There is a widow who lives in a castle. We were lifting each other up to peer over the fence. The german shepard came barking at us. Guess what she did? She kindly came out and gave us a tour!
There was a chicken that was healthy, many old historic buildings and equipment, and a 'source' of water that had once been enjoyed by Joan of Arc (Jeanne D'Arc) and her horse! But the most amazing thing was how she treated my boy after he got stung with nettles. I had told him to ignore it, because there was nothing to do. She instructed us to take the leaf of another plant that was under our feet and rub it on the nettles. I did it and it helped, but she knelt down and showed us how to crush the leaf to get more juice and rub it. It felt better instantly!
These are wooden shoes, or 'sabots'. They were in the widow's historical collection. I know someone who made them. He is eighty-five years old and is a shoemaker. He worked day and night to raise four children and pay for the education of the youngest two. They lived in a small house until he had a long hospitalization and extensive surgery for tuberculosis. After that, the family always lived in a small apartment, and he kept making shoes.
This is the sewing machine for the shoes
These are the wooden forms for making the shoes
The tool on the left is for holding the shoe for hammering the heel, the middle is for making holes for the shoelaces to go through
Here is an example of his work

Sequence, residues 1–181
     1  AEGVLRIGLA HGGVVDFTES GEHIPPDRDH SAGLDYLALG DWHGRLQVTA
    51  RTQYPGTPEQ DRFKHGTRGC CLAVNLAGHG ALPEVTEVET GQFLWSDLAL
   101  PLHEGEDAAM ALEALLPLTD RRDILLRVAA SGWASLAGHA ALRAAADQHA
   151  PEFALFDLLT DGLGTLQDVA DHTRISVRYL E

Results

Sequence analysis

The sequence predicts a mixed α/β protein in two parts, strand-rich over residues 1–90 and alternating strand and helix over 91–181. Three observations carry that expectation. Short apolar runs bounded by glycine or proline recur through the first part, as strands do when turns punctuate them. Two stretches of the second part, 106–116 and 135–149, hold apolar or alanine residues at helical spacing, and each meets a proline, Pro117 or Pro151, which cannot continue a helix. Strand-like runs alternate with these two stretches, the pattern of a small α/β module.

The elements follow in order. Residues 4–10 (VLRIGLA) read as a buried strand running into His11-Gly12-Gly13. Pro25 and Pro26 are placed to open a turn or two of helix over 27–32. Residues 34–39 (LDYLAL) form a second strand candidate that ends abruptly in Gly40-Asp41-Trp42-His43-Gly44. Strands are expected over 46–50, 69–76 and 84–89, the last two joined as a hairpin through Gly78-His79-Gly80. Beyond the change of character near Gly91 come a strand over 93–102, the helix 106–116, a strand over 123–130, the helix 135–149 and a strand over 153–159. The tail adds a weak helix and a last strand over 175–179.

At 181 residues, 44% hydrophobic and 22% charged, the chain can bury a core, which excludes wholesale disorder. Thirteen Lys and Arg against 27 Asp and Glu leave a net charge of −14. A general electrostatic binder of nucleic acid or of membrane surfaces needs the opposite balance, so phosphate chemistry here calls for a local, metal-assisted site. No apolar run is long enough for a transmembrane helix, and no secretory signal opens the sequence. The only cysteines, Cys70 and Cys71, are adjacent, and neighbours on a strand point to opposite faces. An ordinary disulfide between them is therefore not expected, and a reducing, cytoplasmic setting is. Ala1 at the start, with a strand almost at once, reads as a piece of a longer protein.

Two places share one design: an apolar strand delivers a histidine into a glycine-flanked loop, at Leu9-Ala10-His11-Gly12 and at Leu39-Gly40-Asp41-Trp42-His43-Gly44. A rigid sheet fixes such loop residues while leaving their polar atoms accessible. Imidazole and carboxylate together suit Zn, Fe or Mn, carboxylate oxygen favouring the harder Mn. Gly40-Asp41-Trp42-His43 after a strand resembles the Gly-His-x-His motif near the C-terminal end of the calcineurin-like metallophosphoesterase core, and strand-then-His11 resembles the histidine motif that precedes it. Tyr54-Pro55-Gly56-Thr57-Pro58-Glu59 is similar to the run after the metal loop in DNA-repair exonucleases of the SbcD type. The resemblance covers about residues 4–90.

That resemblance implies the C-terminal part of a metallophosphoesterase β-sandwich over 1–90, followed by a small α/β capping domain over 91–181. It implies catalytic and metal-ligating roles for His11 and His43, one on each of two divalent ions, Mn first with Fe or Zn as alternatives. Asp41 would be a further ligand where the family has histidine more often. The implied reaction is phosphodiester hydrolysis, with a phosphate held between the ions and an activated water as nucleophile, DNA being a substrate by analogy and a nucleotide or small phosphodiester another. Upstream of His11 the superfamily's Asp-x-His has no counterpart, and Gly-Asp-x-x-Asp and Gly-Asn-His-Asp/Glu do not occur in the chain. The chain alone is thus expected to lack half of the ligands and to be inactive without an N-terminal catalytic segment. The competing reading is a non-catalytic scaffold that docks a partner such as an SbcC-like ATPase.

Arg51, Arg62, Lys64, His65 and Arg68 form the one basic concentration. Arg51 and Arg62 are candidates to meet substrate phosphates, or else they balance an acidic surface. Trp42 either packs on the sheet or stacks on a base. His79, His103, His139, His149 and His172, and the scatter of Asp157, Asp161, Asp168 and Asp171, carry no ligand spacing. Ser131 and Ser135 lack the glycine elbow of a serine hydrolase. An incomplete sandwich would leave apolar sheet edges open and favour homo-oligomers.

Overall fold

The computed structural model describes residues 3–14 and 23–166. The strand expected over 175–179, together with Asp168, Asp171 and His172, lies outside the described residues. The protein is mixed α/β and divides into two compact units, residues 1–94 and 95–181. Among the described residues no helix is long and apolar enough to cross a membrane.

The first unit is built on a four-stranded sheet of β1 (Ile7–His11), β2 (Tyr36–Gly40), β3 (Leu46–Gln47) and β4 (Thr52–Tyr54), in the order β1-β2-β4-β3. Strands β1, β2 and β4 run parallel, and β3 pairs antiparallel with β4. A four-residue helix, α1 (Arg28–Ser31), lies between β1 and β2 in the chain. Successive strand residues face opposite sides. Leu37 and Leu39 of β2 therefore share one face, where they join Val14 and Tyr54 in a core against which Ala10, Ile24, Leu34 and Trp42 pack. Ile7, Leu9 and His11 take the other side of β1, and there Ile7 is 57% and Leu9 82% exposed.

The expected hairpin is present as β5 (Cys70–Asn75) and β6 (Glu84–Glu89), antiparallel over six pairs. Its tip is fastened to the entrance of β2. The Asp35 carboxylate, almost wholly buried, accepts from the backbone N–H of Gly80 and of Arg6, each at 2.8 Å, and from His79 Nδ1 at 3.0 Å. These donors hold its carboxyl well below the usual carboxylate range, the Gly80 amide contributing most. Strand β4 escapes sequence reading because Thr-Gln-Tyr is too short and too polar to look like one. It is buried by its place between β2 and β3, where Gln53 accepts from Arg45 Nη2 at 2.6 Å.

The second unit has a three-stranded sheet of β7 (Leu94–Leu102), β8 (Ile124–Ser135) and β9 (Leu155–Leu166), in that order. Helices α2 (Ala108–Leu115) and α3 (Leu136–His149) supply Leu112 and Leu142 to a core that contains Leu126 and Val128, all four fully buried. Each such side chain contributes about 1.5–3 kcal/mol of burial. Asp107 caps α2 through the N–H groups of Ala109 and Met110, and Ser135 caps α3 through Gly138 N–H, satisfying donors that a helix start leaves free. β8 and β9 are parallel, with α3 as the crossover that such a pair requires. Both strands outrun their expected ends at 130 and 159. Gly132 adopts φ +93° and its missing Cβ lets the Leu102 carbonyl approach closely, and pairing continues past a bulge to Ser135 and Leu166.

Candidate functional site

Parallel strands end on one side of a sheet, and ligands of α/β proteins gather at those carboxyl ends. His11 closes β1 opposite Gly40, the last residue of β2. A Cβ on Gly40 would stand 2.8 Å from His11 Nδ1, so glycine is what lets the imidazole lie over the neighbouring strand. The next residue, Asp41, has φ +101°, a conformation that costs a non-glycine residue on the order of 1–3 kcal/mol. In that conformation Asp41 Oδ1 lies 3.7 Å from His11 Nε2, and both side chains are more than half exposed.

Although this tool is for putting design into leather, feel the energy of the hand. You won't see the hand of a master craftsman like this for a long time. Or feel the energy.
Here are sold old tools, and again, feel the energy of this hand
The clarity of mind, the force of spirit, the connection to the land and to his trade of this man was remarkable. Did you know that in apartments in France, if any building is over five stories tall (one rez de chausse and four living floors) there has to be an elevator? Well, the shoemaker lives on the second floor. He has to climb up and down one flight to floor one and another to his floor every day! Can you imagine moving day on those stairs??? Anyhow, he stopped riding his bike ('velo') five years ago at eighty. And he still works his garden. I went there yesterday and after we picked fruits and vegetables, we had crepes under a shade at a table. I felt like the Renoir painting, 'Luncheon of the Boating Party'!
This is just one small bed of the large garden that has two shacks, a pump, a toilet, a kitchen, and a bedroom. He says they live there three months out of the year! All of the growing plants are watered by hand, either from collected rainwater or the pump that pumps by hand.
I noticed a theme with him. Look at this land (as we drove by), it used to be farmed. Now it is vacant. The young people are really missing out!
I agree. He is accustomed to hard physical work, and as a result he is in the best shape, physically and mentally, I have ever seen for someone his age. His doctor says although he has health problems, let him garden. His children often come to assist. But the vitality and joy of living? It was off the scales compared to those I work with in the hospital. I had to take note of it and share it with you.
This is the neighbor's garden. There is a waiting list for the garden space. It is rented annually for a very low price. I have eaten the tomatoes and cucumber from this garden the whole trip in France. If you haven't grown anything, you might want to give it a try. It's fun!
It is also a way to connect to others who enjoy plants. I have always been around a garden due to my mother's side of the family. I know all of the plants by sight, and know the names in Italian, English, and now, French.
Aloha and Mahalo,